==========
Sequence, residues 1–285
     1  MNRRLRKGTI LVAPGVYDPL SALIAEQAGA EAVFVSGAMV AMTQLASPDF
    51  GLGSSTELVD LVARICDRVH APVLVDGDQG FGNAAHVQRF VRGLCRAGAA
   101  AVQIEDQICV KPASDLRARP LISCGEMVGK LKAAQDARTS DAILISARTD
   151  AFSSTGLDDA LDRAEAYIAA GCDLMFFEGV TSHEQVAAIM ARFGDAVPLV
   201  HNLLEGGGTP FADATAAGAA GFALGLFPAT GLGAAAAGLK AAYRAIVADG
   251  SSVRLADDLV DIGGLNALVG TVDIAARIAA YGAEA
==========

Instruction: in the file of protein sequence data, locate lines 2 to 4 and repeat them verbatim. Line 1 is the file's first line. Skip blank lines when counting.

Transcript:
     1  MNRRLRKGTI LVAPGVYDPL SALIAEQAGA EAVFVSGAMV AMTQLASPDF
    51  GLGSSTELVD LVARICDRVH APVLVDGDQG FGNAAHVQRF VRGLCRAGAA
   101  AVQIEDQICV KPASDLRARP LISCGEMVGK LKAAQDARTS DAILISARTD